“Here’s the dilemma. Mr. Estrada is wanted for a whole host of things, many of them much easier to prove than human trafficking. You ID him early on, we can go that route. Maybe we get some answers. If you don’t, well, somebody else gets a crack at him. Border Patrol. Phoenix PD. DEA. Mexican authorities. And then we can forget about ever getting him prosecuted for what he did to your wife, or finding out what happened to her. I really don’t like where that leaves you in terms of the pending charges.”

“Is this how it’s normally done?”

“No.”

“Is it legal?”

Kalyn glanced at him. “Something you should know about FBI agents.”

“What’s that?”

“We’re always by the book.”

They were driving through residential neighborhoods now, the houses on steroids, lavish and ridiculous.

“How’d you become an agent?” Will asked.

“I was a cop right out of college. Did that for four years, went to law school. Then the Academy. Typical route.”

“Did you always know—”

“Look, I can’t do the ‘Is this what you always wanted to be when you grew up?’ conversation right now. I’m trying to get my head straight for this takedown.”

They rode in silence for another few miles, and then Kalyn turned into a gated community. At the guard station, she flashed her badge and creds. The gates opened, and they drove into one of the swankiest neighborhoods Will had ever seen, six- and seven-thousand-square-foot homes being the runts of the bunch, private security gates, driveways that looked like Jaguar and Porsche dealerships.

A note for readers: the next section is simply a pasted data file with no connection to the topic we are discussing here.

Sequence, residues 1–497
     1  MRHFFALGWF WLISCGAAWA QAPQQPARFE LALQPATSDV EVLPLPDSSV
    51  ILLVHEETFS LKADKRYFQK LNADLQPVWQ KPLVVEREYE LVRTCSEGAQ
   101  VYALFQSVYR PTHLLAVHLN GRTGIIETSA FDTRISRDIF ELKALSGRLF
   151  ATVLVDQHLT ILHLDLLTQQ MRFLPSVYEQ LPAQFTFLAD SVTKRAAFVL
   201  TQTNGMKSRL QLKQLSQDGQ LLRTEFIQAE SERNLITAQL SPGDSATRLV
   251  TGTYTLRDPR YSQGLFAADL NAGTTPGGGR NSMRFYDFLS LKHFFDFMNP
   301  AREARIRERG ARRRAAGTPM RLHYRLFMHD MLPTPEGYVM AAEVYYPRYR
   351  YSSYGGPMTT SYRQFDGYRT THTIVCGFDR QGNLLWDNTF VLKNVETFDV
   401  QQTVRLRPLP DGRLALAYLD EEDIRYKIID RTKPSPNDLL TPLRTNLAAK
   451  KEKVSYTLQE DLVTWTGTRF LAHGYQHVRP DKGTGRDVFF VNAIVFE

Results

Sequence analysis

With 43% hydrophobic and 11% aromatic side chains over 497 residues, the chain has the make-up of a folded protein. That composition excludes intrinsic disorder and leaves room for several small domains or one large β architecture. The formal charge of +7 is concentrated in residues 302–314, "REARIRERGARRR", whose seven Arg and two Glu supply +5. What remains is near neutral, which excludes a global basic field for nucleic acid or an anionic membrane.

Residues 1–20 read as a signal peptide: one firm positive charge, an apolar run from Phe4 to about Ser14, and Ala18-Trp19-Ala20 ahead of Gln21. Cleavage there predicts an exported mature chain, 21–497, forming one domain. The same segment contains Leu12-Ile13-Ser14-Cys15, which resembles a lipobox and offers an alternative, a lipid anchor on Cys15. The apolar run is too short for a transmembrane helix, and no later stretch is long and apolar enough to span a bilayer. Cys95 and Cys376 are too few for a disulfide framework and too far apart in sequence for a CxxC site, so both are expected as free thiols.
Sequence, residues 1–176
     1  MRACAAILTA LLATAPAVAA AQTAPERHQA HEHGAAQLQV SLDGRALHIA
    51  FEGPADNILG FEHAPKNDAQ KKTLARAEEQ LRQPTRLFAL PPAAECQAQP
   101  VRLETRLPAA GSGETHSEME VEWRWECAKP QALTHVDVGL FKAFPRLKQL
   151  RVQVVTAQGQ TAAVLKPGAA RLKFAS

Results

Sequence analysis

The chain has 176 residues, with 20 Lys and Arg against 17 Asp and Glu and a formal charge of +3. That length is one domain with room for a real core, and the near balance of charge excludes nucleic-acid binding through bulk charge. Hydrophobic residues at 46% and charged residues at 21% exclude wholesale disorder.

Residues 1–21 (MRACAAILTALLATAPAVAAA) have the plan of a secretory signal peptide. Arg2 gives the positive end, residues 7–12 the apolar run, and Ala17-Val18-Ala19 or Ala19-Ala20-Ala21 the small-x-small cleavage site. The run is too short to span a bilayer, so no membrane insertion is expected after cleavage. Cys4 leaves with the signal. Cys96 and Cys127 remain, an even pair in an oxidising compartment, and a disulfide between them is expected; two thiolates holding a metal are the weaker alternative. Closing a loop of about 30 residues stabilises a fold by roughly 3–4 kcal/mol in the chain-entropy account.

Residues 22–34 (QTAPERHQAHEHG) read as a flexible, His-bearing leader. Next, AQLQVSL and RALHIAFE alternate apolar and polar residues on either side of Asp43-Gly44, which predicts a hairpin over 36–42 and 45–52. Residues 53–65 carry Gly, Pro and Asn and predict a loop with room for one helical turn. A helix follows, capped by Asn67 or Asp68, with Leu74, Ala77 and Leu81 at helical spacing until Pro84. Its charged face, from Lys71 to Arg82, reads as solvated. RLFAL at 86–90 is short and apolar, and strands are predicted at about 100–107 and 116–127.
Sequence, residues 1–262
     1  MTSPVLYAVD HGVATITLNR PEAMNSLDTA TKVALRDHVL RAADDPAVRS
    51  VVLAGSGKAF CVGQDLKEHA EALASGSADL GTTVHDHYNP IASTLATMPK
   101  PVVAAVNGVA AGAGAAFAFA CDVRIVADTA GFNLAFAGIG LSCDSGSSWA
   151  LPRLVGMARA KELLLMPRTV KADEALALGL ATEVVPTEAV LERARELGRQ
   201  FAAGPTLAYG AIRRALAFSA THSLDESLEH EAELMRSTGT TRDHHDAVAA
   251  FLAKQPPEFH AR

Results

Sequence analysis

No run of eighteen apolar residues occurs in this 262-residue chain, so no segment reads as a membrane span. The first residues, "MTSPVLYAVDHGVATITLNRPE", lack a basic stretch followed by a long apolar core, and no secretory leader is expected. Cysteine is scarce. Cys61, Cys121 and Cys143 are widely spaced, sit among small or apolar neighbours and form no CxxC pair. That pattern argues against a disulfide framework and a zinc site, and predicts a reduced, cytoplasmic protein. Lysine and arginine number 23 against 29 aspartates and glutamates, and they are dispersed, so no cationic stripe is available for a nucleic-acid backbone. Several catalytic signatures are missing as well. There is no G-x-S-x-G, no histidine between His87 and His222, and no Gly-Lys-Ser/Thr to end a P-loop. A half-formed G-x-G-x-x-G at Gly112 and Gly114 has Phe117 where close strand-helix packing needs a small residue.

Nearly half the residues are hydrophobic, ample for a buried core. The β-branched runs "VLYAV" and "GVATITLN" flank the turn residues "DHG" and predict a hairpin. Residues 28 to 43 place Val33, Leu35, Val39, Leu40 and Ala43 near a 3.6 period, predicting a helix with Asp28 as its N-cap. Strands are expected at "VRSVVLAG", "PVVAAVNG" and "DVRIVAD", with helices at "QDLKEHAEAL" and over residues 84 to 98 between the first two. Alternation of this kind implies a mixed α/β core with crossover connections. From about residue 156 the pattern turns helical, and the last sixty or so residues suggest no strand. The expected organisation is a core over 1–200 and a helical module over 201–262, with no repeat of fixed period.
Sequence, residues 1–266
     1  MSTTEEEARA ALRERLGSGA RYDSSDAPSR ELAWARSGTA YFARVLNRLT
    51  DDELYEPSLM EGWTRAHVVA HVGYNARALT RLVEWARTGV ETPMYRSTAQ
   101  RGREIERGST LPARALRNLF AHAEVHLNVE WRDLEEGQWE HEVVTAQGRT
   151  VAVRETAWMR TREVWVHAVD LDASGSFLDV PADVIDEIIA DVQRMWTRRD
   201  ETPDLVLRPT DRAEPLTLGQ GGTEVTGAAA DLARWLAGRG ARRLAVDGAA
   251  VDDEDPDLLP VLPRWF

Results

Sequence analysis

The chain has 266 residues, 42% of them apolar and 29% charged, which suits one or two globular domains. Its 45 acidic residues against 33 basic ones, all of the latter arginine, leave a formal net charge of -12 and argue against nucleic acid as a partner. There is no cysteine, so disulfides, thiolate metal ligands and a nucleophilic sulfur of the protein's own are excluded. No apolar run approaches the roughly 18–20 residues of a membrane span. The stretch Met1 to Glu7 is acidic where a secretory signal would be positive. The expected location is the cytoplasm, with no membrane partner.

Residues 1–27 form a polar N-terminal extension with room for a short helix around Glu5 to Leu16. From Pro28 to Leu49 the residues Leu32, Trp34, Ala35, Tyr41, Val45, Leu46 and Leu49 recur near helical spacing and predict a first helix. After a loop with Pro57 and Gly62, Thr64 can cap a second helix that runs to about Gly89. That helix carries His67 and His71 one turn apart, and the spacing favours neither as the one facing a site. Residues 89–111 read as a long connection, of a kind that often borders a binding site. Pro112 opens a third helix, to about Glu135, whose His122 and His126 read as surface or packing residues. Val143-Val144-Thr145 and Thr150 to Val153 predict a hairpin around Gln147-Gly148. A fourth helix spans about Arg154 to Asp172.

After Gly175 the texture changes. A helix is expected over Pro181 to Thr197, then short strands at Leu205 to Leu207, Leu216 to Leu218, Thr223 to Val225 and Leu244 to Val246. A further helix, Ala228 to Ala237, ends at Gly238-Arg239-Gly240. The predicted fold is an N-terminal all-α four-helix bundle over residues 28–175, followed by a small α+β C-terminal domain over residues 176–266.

They followed Superstition View Boulevard up the lower flanks of a brown mountain turreted with rock outcroppings and desert flora. The properties were exquisitely and exotically landscaped. Hundreds of species of cacti. Yuccas. Rocks in place of grass.

A mile past the guard station, Kalyn pulled over to the curb.

“This it?” Will asked.

“Next house on the right. You got your cell with you?”

“Yeah.”

Kalyn took hers out of her purse. “Give me the number.” She programmed Will’s number into her phone, then turned off the engine and opened the door.

“Wait. I thought—”

She tossed him the keys, said, “Leave your cell on and hop in the driver’s seat.”

“No, I want to know exactly how this is—” She shut the door and walked quickly up the road, disappearing behind a row of hedges. He scooted over behind the wheel. With the AC off, the heat soon became unbearable.

Will was sweating again. This felt all wrong.

He turned, looked through the back window. The road had risen several hundred feet above the city of Scottsdale. He had a commanding view.

Thirty miles to the east, mountains soared over the desert, looming mythically in the afternoon sunlight.

He thought about Devlin, hoped she’d found something to do to pass the time.

His cell rang. Kalyn calling. “Hey,” he said.

“Bring the car into the driveway now.” There was noise in the background.

“Did you—” She hung up. Will shoved the keys into the ignition and cranked the engine. He gave the Buick a little gas, edged toward the driveway, readying himself to see the man who’d taken Rachael. Surprisingly, he wasn’t angry, just nervous and scared, wanting to get this over with, get back to Colorado with Devlin.